Kids and many others don't even know what sacrilege is anymore.
This is the chapel at the catacombs of St. Sebastian (http://www.piac.it/
) where pilgrim groups often celebrate Holy Mass (located directly below the present tomb, where the tomb had once been for centuries).
Why is this (consecrated) altar mensa now used as part of the floor? This is desecrating that which is sacred, even if the stone is already cracked.
What is the proper thing to do with a broken mensa or other thing like this that can't be used anymore for its original purpose?ReplyDelete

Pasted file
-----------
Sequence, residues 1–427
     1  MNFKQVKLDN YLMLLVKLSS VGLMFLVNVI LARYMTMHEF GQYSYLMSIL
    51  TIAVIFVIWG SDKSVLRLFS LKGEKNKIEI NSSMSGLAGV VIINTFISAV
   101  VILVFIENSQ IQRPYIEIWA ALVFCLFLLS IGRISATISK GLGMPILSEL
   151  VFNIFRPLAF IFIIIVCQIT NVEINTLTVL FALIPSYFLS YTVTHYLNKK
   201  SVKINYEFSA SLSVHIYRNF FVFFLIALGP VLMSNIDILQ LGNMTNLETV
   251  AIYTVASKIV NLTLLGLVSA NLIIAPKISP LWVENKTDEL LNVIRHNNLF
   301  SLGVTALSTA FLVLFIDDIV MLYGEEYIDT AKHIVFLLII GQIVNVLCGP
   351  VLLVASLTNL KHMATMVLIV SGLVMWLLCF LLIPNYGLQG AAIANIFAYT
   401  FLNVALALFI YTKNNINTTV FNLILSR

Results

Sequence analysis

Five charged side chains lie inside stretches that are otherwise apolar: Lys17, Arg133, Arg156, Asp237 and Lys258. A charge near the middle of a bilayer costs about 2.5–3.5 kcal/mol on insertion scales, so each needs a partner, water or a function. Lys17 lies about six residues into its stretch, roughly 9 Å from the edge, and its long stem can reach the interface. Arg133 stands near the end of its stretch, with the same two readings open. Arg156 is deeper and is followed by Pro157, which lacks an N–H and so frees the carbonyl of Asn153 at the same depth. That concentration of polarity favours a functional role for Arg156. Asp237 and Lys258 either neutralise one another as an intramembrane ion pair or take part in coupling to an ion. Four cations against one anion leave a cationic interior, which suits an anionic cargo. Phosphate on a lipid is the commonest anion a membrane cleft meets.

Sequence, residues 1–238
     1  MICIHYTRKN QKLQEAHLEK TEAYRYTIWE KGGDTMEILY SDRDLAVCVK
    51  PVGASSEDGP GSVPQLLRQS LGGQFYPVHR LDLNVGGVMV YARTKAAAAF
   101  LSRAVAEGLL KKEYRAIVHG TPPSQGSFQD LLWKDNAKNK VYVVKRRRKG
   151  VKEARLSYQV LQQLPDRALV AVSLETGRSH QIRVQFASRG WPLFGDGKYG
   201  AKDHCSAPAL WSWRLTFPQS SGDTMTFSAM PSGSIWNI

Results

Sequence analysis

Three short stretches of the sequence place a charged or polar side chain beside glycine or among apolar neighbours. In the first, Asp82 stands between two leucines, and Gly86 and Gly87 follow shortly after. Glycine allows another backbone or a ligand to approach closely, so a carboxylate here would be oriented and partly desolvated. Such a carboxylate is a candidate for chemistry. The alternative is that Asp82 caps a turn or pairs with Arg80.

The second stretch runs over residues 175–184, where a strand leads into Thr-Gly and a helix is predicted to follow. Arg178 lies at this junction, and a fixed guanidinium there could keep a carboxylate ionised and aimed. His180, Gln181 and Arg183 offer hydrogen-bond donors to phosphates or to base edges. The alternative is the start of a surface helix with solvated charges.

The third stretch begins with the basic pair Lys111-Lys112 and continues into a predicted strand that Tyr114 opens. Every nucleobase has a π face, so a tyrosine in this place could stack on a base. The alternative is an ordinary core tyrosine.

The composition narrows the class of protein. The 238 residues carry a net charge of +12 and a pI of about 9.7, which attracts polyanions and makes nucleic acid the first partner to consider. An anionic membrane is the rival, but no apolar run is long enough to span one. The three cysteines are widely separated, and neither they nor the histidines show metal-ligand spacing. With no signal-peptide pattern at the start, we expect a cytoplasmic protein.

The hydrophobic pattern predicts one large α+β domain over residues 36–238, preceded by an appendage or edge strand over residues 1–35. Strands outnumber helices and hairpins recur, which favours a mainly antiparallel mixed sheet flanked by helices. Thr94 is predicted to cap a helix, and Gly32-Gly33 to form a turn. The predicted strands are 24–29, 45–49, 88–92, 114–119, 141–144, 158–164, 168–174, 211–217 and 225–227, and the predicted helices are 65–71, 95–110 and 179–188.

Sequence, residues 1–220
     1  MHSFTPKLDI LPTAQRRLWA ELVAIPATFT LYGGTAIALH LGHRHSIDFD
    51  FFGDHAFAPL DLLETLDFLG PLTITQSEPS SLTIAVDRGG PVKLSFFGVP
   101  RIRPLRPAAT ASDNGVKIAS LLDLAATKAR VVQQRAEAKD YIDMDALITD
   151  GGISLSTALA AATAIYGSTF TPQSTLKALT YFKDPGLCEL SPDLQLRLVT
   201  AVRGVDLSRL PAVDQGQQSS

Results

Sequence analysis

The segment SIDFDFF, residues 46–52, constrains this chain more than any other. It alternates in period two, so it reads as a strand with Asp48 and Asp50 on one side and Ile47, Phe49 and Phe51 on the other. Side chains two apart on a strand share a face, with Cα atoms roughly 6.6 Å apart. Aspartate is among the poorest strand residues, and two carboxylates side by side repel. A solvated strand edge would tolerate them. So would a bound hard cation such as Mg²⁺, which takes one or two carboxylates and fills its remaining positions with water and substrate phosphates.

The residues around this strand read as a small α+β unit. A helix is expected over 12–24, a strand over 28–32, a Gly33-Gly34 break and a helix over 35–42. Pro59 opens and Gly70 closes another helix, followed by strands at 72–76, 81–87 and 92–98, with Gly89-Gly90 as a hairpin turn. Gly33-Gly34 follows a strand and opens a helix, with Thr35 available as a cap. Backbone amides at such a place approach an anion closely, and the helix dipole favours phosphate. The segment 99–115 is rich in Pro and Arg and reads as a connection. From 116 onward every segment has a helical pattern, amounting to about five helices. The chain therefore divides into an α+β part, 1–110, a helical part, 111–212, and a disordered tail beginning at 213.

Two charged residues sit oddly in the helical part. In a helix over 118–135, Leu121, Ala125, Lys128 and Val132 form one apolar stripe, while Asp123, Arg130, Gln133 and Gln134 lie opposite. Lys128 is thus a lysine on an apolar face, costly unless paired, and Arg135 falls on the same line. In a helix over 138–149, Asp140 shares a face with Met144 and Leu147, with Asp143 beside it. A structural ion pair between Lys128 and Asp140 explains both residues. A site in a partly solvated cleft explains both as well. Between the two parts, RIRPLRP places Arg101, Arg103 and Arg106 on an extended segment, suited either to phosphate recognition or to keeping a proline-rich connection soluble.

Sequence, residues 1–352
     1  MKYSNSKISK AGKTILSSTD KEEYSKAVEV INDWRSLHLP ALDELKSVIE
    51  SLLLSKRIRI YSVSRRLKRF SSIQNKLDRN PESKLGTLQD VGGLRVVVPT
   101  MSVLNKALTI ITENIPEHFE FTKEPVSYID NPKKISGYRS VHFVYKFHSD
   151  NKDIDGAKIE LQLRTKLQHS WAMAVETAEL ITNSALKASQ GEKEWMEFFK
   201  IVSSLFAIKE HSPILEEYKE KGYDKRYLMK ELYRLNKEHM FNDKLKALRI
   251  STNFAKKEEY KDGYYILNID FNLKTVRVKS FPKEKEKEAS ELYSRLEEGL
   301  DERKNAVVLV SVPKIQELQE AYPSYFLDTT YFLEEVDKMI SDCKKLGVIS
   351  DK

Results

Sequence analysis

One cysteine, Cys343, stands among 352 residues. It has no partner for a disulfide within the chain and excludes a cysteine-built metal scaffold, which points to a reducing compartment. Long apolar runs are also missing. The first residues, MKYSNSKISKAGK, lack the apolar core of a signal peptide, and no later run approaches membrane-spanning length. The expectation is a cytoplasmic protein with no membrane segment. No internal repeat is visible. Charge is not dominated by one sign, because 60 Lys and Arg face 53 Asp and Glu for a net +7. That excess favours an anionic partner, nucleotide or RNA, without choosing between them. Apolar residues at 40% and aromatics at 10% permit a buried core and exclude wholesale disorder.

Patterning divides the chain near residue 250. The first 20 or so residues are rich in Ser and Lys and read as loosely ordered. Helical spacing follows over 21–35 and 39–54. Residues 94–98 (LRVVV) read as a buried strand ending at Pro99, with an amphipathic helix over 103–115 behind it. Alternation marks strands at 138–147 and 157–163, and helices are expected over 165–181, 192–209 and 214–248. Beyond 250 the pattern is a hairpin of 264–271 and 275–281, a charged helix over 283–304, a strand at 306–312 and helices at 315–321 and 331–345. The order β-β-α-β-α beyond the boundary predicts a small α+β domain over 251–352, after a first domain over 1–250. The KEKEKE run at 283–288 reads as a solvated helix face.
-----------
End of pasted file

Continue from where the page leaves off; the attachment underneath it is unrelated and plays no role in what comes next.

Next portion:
Is it still consecrated? Given the Roman habit of reusing old, broken things, and some dim recollection of a ritual for de-consecration, it wouldn't surprise me if that was done before this was turned into pavement.ReplyDelete
But I'm just guessing here, John.
Golly; this is shocking. This is the sort of thing they did in the English reformation!ReplyDelete
According to canon law, a broken altar mensa loses its consecrated quality the moment it is broken. There is no need for a formal rite of de-consecration (which may have been on the Roman Ritual for all I know). In this case, the moment the fracture was big enough to breach the sepulcrum (the space where the relics are buried), the mensa was ipso facto de-consecrated. - I'd rather not see an old mensa set in the floor, but there is, as they say, no accounting for taste or good manners. Formally (and legally), it is correct, but not all correct things are good.ReplyDelete